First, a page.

A Mexican Brexit

Twenty one years ago, I was a retail manager in charge of a smallish Texaco petrol station in Hampshire. I was about half way through a near ten year on/off* career with Texaco** when something unexpected happened. Every petrol station in the country ran out of petrol. Every single one of them. The Great Blockade of 2000 was quite the event. Drivers of all manner of large vehicles decided they’d had quite enough of ever increasing fuel prices, and blockaded the major oil refineries.

Retail management is a pretty thankless job, but I suddenly found myself blessed with newly created benefits and perks. Whilst traffic disappeared from the roads, I carried on as normal, having set aside a healthy reserve of unleaded petrol for the use of myself, friends and family. I did not need to join an hour long queue for a few litres of go go juice.

My motorbike was in for service and a new rear tyre, which my garage did for free. Sure, I discreetly sold him two huge jerry cans full of the good stuff. Whether that had anything to do with his generosity is something only he could tell us. I may have let the very pretty girl who sometimes smiled at me have a half tank full in exchange for further smiles in the future.

From the moment panic buying began to pumps running dry took less than a week. Once the grip of the blockade was loosened, it took more than two weeks to fully replenish every petrol station, and a good month before things were properly back to normal. For several years afterwards, every rumour/suggestion/careless news report about a new blockade led to long queues amid a new bout of panic buying.

I’m no longer a petrol station manager, so I am forced to join the queues in the Great Fuel Shortage of 2021. Reluctantly. Panic buying is daft. And yet, if everyone else is doing it, one if forced to join in. This morning, the four closest service stations to home were all dry. The fifth had just received a delivery. The queue wasn’t too long, so I took the opportunity. I’m good to go for about a month, hopefully.

Brexiters are adamant that none of this is anything to do with Brexit. Of course they are. They were always a pretty thick bunch. Are there numerous factors at play? Of course there are. But the Serengeti Rules, and variations of it, also apply in social, political and economic worlds. And in this story, Brexit is the key. Gas supplies are running low across Europe, but its just the UK who’ve seen wholesale prices quadruple.

It’s just the UK who can’t meet driver shortages from the pool of drivers in the EU. It’s just the UK who are having supplies disrupted at great cost in time and money at the border. It’s just UK companies who are shutting down entire operations in the EU because the cost and difficulty of running them in a post Brexit world is simply too much. It’s just the UK that has a rocketing trade deficit with the EU thanks to plummeting exports.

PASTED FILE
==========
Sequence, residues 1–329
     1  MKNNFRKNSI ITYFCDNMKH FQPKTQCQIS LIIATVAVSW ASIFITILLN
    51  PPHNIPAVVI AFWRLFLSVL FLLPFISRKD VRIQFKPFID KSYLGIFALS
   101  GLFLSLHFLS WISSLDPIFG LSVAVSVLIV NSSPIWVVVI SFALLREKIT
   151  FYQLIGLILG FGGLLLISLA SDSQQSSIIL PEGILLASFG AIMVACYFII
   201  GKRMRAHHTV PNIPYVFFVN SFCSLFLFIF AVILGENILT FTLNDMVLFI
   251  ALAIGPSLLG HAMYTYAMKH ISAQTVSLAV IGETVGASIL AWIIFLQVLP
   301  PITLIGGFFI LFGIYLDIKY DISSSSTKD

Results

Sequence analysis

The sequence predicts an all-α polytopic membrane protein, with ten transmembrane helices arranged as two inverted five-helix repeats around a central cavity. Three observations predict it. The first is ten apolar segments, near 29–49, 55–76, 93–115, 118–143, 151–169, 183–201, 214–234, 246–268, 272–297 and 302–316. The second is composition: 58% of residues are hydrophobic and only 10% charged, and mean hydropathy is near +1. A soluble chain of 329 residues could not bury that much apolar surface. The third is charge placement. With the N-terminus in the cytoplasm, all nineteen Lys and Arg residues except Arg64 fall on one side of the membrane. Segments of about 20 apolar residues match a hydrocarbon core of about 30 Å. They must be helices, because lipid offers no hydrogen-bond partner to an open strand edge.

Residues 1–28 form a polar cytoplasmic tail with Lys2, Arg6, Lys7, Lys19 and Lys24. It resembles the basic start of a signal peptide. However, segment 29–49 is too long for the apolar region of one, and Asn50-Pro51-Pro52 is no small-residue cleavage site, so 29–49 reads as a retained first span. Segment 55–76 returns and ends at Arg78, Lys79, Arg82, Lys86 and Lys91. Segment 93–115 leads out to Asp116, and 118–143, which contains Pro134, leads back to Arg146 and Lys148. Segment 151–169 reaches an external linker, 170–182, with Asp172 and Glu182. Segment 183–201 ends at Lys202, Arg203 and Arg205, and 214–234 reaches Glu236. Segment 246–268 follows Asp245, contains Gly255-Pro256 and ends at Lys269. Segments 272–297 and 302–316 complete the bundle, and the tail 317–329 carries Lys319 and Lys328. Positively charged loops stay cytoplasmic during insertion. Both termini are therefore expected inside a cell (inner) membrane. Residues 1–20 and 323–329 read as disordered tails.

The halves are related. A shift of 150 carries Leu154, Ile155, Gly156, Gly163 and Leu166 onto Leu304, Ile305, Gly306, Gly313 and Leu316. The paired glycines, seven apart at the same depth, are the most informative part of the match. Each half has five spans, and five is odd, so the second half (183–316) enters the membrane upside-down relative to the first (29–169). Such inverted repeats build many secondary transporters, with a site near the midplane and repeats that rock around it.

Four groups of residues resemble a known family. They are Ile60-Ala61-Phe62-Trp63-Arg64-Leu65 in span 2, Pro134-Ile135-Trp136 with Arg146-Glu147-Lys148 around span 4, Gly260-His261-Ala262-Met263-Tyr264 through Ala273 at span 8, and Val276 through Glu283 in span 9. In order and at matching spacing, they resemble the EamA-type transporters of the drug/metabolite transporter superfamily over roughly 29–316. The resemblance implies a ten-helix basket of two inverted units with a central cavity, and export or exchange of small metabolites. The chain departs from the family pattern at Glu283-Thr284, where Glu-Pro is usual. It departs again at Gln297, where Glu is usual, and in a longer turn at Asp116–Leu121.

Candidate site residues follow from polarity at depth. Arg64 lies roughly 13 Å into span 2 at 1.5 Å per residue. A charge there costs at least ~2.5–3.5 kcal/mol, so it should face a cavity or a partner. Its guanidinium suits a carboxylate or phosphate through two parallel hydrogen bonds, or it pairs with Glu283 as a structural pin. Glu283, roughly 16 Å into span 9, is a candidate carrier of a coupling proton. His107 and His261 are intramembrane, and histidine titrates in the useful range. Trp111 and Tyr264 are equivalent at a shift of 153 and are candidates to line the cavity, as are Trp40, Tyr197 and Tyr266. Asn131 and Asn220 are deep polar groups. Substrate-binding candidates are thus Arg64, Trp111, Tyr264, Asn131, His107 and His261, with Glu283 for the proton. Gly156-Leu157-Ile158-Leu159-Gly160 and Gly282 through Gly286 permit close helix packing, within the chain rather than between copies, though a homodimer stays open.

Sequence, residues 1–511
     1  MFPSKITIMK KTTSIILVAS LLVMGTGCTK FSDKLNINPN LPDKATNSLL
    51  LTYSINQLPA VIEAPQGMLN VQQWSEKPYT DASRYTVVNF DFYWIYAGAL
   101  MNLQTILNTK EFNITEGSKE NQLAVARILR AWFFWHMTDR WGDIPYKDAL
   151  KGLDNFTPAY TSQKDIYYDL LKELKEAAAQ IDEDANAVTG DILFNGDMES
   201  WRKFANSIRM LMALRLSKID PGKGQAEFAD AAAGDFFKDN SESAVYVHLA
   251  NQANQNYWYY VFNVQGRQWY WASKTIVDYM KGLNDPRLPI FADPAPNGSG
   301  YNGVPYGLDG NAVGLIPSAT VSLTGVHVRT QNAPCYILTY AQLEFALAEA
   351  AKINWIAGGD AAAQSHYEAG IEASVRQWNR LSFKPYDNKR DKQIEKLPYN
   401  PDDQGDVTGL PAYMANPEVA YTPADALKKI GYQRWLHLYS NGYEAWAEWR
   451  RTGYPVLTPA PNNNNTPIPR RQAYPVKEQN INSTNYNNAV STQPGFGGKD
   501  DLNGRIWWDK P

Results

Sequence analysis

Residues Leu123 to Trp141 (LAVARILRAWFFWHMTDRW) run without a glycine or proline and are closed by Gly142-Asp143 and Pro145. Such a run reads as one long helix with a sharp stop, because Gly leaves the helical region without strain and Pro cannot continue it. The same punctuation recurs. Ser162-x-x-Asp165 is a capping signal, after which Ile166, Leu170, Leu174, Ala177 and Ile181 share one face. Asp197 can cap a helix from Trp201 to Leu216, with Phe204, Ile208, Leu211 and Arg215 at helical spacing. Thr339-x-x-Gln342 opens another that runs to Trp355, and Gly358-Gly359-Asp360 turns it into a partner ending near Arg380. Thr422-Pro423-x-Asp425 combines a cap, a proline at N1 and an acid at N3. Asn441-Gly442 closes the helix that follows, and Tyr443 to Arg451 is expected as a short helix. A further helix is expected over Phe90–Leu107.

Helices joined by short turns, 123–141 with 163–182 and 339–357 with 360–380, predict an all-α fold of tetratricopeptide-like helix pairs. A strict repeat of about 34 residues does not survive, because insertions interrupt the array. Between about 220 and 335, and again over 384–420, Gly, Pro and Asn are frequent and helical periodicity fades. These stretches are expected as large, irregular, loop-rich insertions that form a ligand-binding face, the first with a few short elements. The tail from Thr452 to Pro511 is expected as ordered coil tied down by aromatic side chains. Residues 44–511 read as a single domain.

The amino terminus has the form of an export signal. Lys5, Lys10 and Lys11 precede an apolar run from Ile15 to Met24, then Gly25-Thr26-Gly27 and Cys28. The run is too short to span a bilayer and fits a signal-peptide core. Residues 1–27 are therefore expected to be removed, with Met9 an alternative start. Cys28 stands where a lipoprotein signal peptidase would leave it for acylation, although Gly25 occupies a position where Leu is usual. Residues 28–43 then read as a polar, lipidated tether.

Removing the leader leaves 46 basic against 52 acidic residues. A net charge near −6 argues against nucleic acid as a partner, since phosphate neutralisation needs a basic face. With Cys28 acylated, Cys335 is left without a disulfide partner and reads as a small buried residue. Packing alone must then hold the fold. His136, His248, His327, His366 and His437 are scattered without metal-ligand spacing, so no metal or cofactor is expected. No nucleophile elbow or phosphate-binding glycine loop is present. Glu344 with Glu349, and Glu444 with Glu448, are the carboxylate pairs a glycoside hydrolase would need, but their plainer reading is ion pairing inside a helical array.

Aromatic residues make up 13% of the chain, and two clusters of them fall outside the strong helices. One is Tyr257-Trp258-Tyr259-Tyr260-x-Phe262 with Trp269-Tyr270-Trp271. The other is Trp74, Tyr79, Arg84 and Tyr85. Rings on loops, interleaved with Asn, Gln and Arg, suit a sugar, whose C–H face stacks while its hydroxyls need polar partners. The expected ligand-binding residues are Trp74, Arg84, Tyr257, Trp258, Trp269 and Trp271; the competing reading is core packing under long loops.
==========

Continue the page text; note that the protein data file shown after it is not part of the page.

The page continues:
This brings me to the title of the post. Brexit was sold as ‘Global Britain’, a vague, nationalistic ,flag waving exercise based on a fictitious notion of British exceptionalism. What it has actually done is create a relationship that I am familiar with from my time in Mexico. A smaller nation that is economically and politically beholden to the behemoth next door. The minnow that must try and find its way in the shadow of a giant.

Mexican governments have had an appreciation for the reality of their situation and work with it as best they can. The UK government and a goodly chunk of the electorate aren’t there yet. They are still in denial, clinging on to slogans that will stand the test of time about as well as Chamberlain’s cry of ‘Peace in our time’. They need us more than we need them? We hold all the cards? Take back control?

They are slogans that history will use to beat the reputations of Johnson, Farage, Redwood, Hannen, Gove and co into the dirt. Some painful lessons have already been administered. Plenty more painful lessons lie ahead. The UK will go on, but it has been diminished by Brexit. It’s been made poorer by Brexit. It is genuinely a tragedy for the ages.

2 thoughts on “A Mexican Brexit

  1. A vast conspiracy to get more people on the trains, you can’t fool me.
    A vast conspiracy to get more people on electric bikes and cars, you can’t fool me.
    A vast conspiracy to build more refineries, you can’t fool me.
    It can’t be economics…


    1. Funnily enough, when I got to work today and started chatting to the outgoing clerk, I did suggest that if I were of a conspiratorial bent, I might start thinking that this fuel shortage is just a government operation to get everyone back on public transport.

      The reality is, it likely will. Six blokes came in on Saturday evening to get tickets to London to watch the Joshua v Usyk fight. They balked at the price, over GBP240 and decided to drive. They were back in ten minutes when the fuel issue dawned on them.

      I’ve had a few more in today, who were going to drive to wherever, but are now going to rough it on the trains. This is all good news from where I’m sitting.


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